“Northerners, in line with their disciplined nature must refuse at this point to be dragged into taking the law into their hands through unnecessary and unproductive confrontations with members of any sectional, ethnic or religious group.”
Suleiman said his kinsmen must remain peacefully focused, mutually respectful, trusting and tolerant “as we repose confidence in the ability and willingness of the Nigerian security agencies to handle the situation as well as protect the lives and property of every Nigerian anywhere. “
The group said it once cautioned that the agitators for separation and the cry for Biafra would become louder and the agitators would become emboldened to act in more radical and violent manner, thereby sparking retaliation in the north with subsequent attacks to be perpetrated against northerners in the south-east.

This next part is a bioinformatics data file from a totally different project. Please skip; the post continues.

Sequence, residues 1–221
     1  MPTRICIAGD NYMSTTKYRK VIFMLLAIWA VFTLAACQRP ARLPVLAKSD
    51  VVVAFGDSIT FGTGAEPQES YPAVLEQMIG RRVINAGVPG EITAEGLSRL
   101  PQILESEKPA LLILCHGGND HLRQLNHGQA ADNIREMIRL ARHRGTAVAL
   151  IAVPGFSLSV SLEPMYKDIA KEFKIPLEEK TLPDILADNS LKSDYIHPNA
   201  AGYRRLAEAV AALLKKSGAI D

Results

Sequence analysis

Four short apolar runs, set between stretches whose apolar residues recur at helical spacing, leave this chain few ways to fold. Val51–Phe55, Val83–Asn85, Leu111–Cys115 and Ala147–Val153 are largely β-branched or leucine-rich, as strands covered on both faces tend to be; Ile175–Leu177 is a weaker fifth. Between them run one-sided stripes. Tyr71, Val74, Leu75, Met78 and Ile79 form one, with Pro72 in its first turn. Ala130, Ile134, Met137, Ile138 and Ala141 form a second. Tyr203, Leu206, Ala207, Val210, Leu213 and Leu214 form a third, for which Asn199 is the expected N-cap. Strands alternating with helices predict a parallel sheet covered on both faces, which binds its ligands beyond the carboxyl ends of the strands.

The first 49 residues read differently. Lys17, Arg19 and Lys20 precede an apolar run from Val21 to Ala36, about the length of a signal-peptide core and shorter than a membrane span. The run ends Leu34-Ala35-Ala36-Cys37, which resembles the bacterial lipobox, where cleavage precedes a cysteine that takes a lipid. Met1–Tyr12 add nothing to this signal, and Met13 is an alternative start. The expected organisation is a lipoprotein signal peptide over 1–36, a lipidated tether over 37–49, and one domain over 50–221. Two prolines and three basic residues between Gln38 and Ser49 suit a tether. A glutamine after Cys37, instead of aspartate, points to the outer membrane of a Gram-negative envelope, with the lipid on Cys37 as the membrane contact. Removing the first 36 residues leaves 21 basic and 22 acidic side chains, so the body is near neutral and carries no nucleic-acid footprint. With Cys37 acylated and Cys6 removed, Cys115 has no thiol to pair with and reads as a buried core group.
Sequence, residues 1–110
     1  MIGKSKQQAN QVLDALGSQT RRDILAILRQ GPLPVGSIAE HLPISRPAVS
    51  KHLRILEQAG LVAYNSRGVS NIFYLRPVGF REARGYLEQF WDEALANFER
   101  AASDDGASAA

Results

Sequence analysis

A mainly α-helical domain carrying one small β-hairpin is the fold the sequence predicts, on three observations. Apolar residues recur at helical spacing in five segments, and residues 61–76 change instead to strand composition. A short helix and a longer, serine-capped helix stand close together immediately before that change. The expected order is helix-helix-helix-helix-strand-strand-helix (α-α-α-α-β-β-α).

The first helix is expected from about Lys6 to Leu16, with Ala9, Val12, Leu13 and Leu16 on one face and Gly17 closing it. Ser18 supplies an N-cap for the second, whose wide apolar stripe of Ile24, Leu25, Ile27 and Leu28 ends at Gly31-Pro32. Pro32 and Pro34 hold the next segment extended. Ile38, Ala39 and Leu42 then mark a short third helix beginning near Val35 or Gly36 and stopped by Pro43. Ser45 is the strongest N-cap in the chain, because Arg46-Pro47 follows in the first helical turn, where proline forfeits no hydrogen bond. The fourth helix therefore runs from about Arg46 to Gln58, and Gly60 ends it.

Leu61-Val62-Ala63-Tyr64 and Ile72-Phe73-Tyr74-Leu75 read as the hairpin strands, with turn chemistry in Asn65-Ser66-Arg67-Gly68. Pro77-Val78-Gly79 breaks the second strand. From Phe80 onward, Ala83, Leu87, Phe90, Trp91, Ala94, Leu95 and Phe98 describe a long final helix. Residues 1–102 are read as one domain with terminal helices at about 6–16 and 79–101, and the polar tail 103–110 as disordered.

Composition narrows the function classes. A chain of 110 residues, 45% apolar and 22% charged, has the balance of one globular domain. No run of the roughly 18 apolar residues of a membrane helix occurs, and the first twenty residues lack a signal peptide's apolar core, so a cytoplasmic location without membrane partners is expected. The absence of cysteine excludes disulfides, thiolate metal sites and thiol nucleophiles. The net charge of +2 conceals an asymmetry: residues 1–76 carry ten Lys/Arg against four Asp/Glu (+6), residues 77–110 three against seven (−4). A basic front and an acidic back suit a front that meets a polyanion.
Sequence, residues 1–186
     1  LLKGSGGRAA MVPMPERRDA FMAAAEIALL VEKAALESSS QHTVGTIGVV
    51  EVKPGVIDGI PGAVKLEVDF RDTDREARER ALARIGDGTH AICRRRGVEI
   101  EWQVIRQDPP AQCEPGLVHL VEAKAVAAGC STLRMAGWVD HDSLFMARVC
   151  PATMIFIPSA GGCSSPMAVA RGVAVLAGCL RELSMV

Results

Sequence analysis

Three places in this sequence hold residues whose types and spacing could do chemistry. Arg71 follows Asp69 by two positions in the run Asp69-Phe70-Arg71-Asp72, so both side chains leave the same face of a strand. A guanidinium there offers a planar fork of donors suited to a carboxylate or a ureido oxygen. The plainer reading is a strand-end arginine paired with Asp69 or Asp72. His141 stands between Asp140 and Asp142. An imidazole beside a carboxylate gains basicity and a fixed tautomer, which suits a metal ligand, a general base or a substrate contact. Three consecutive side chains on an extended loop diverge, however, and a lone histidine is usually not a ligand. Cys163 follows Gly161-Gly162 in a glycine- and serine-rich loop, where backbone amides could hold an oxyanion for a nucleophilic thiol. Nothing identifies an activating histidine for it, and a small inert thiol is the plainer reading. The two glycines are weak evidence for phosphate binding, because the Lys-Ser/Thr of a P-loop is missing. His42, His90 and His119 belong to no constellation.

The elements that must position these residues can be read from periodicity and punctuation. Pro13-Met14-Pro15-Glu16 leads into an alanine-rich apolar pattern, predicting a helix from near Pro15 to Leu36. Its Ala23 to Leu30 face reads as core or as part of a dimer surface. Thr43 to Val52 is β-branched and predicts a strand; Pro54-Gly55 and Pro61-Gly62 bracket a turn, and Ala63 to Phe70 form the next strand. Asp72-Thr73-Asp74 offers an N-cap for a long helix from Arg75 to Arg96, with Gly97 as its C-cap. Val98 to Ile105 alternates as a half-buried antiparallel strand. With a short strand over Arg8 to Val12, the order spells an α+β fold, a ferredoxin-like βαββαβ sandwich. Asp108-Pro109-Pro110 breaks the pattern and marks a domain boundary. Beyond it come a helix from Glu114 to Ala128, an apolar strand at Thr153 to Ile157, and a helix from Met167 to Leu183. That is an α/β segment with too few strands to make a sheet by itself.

Recalling efforts of the coalition at returning the country to democracy, the CNG doubted if the leader of IPOB, Nnamdi Kanu, is a Nigerian. “He is a half Nigerian or perhaps not even a Nigerian, who only came to destabilise our hard earned democracy. We refuse to be toyed with.”
The spokesperson said: “We are optimistic that the Nigerian state is doing its best to tackle the situation. They are really doing the needful. So also the government of Abia State is doing its best along that line, so we are hopeful that the situation will be dealt with in the interest of the country as a whole.”
Despite the uproar it has generated, the Operation Python Dance II in the south-east zone will go full swing tomorrow as planned, the Nigerian Army has said.
Also, there were indications yesterday that the one-month military operation would have its base in Umuahia, Abia State, even as the army clarified that the exercise was not targeted at any particular person or group of persons.